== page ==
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Ohio State Rep. Calls State's Vaccine Lottery Program 'A Gross Misuse of Taxpayer Dollars'

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Ohio state Rep. Jena Powell (R) is taking aim at the state’s Vax-a-Million campaign.

States are starting to turn to lottery campaigns to encourage people to get the COVID-19 vaccine.

In Ohio, the Vax-a-Million campaign was launched on May 13 in an effort to “increase awareness of the availability and efficacy of COVID-19 vaccines and provide incentives to Ohioans to get a COVID-19 vaccination.” The first of five drawings will be on May 26.

However, a state representative is speaking out against the state’s vaccine lottery program.

Speaking to CNN’s Brianna Keilar on Monday, Powell said, “The Vax-a-Million lottery is a gross misuse of taxpayer dollars.”

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Keilar noted that there has been a jump in vaccinations in Ohio because of the lottery program. She broke down the numbers, saying that about 32 ICU stays with a ventilator will cost $1 million “and the cost of this lottery is less than a dime per Ohioan.”

Powell, however, pushed back, “Correlation is not always causation.”

She later added, “It feels like a bribe to Ohioans … [They] don’t want gimmicky programs.” Additionally, Powell declared that she is not against the vaccinations, but the lottery itself.

Powell is wanting to end the whole lottery, as she plans to propose a bill this week to do so.

Check out her interview below:

A spokesman for Ohio Gov. Mike DeWine (R) said that the vaccination trend was decreasing before the lottery, “Really the only thing that has changed was the availability of the Vax-a-Million incentive,” according to The Hill.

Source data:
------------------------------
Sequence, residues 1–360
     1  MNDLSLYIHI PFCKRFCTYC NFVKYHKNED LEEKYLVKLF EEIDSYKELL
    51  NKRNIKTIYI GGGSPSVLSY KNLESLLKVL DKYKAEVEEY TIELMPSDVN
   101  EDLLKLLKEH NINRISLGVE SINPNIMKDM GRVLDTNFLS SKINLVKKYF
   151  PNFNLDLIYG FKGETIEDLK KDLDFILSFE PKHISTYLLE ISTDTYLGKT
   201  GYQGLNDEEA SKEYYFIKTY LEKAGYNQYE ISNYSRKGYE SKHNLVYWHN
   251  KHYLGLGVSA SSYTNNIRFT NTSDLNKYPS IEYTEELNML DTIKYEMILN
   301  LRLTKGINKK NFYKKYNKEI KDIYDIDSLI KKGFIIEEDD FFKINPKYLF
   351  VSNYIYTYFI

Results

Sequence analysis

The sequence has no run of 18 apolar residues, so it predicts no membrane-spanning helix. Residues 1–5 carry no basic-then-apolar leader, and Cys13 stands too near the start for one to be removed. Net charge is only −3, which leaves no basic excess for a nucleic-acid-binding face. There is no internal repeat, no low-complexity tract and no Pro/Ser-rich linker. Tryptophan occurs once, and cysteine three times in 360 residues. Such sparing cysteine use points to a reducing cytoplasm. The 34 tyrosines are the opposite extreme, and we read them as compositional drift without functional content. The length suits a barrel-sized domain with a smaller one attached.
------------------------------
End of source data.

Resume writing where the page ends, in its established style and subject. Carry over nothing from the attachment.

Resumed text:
According to Ohio’s Department of Health, people who are 18 years or older and who have received at least one dose of a COVID-19 vaccine “can enter to win one of five $1 million prizes.”

Additionally, “Ohioans ages 12-17 who have received a received at least one dose of the COVID-19 vaccine can enter to win one of five four-year, full-ride scholarships, including room and board, tuition, and books, to any Ohio state college or university,” per the news release.

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In Ohio, 39% are fully vaccinated, while 45% have at least one dose of a COVID-19 vaccine, according to The New York Times. The state has seen a 26% decrease in new COVID-19 cases reported over a 14-day change.

The United States is seeing the fewest cases reported in 11 months, according to the Times. Deaths related to the coronavirus are also at the lowest levels since last summer. Thirty-nine percent of the U.S. population is fully vaccinated and 49% have received at least one dose of the vaccine, as of May 20.

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